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Economic Nationalism and the Future of Global R&D

A new survey examines how political and economic shifts can affect corporate innovation.

For years, companies have been expanding their research and development (R&D) footprint beyond the boundaries of their home country. But recent political and economic events have raised questions about whether this global innovation model can be sustained. The rise of economic nationalism and protectionist trade policies could have far-reaching effects on how — and where — companies conduct their R&D in the years ahead. It’s possible that some companies have already experienced this and, if they have, we’re interested in knowing more.

At the beginning of the 21st century, a growing number of companies began directing more of their R&D investment to the regions where their sales and manufacturing were growing fastest, and where they could access the right technical talent. By 2015, our Global Innovation 1000 study found that 94 percent of the companies that spent the most on R&D were conducting at least some of their innovation work abroad. During the last several years, the biggest global shift in R&D investment was from Europe and North America to China and India; Europe saw the largest reduction in relative activity in corporate innovation. At the same time, the U.S. has also benefited, due in part to Asian and European companies seeking to tap into U.S. innovation talent and expertise.

More recently, however, the U.K.’s referendum vote to leave the European Union, the election of Donald Trump in the U.S. on an “America First” platform, and the persistence of protectionist or mercantilist trade policies in countries around the world suggest the global economy is at an inflection point in the long-term trend toward free trade and the movement of people across borders. With this year’s Global Innovation 1000 study — which will be released in October 2017 — we seek to understand how much these and other trends are changing the global R&D model, and what actions leading innovators are taking in response.

For example, multilateral trade agreements have enabled companies to reconfigure and optimize their manufacturing, supply chain, and R&D footprints. But today the U.K. and the European Union are renegotiating their trade arrangements in the wake of Brexit — amid great uncertainty about the ultimate effects on companies. Meanwhile, the U.S. announced in January 2017 that it was pulling out of the Trans-Pacific Partnership, and the future of other trade liberalization measures, including the North America Free Trade Agreement, are also in question.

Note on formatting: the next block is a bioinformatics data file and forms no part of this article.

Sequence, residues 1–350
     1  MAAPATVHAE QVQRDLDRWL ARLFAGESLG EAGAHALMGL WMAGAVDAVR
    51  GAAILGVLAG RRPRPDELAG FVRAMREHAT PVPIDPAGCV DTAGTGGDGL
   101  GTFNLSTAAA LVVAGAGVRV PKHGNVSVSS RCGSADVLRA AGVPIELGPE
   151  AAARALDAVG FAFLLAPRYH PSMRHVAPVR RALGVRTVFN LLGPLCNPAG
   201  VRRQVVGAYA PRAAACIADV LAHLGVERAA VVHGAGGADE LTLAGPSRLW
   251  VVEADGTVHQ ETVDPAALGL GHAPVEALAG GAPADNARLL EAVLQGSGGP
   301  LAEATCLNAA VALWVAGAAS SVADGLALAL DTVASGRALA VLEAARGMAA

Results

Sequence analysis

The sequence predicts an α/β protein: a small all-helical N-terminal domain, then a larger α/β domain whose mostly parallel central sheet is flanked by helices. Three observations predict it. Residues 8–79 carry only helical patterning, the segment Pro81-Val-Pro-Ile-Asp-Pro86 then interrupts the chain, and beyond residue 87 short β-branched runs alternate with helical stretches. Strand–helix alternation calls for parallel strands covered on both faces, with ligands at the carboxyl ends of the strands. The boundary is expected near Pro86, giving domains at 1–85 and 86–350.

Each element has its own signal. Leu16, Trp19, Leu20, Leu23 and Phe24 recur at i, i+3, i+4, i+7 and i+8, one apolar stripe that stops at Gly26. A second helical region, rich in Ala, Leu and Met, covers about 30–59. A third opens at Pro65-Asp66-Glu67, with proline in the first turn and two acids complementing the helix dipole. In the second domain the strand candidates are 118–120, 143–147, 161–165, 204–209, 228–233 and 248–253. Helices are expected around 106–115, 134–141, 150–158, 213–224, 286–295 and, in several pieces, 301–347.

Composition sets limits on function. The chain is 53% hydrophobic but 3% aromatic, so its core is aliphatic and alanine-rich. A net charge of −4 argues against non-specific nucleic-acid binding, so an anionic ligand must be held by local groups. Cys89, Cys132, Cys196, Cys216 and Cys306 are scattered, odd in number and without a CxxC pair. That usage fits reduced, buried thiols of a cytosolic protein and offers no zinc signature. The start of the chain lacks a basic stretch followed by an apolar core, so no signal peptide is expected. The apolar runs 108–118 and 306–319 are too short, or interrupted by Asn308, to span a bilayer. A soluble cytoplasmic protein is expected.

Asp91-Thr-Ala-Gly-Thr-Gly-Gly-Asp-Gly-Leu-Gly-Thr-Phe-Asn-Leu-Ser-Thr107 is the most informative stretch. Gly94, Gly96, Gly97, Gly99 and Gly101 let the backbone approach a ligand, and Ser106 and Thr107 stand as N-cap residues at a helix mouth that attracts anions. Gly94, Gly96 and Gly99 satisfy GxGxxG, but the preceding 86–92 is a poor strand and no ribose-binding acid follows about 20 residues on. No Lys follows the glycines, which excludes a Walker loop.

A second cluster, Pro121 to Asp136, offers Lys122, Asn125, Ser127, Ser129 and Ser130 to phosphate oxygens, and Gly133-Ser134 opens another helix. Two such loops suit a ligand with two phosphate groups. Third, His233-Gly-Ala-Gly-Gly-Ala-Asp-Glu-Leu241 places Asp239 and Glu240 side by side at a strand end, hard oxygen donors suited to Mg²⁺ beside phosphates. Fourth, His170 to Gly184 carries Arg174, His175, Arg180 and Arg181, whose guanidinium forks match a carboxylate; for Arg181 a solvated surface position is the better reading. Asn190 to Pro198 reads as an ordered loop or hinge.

Another factor that may influence how companies design their R&D model is the rise of more rigorous immigration and residency requirements. Recent news accounts suggest engineering and computer science students concerned about immigration policies are increasingly eyeing Canadian universities over U.S. institutions. This trend matters for U.S. companies because these students often seek employment in the country where they were educated, and are thus a prime source of talent for entry-level R&D positions. Similarly, in the U.K, businesses are concerned that post-Brexit immigration restrictions could lead to a crisis in engineering skills.

The rise of economic nationalism could have far-reaching effects on how — and where — companies conduct their R&D in the years ahead.

Rising economic nationalism could also encourage the continuation of protectionist policies in many countries, which may affect corporate decisions about R&D. China, for example, has pursued trade and intellectual property practices that many companies and global institutions consider overly restrictive. These include industrial policies and nontariff measures that in some cases favor domestic over foreign companies, the dominant positions of state-owned enterprises in some sectors, unequal access to subsidies and financing, and inadequate protection and enforcement of intellectual property rights.

We want to know how company leaders are thinking about these challenges: what their concerns are, if and how they are changing their innovation practices, and who they think stands to gain or to lose advantage. Please click here to share your insights and reserve a free copy of the report, as well as a complimentary one-year digital subscription to s+b magazine.

Barry Jaruzelski

Barry Jaruzelski is a thought leader on innovation for Strategy&, PwC’s strategy consulting business. Based in Florham Park, N.J., he is a principal with PwC US. He works with high-tech and industrial clients on corporate and product strategy and the transformation of core innovation processes. He created the Global Innovation 1000 study in 2005, and in 2013 was named one of the “Top 25 Consultants” by Consulting magazine.

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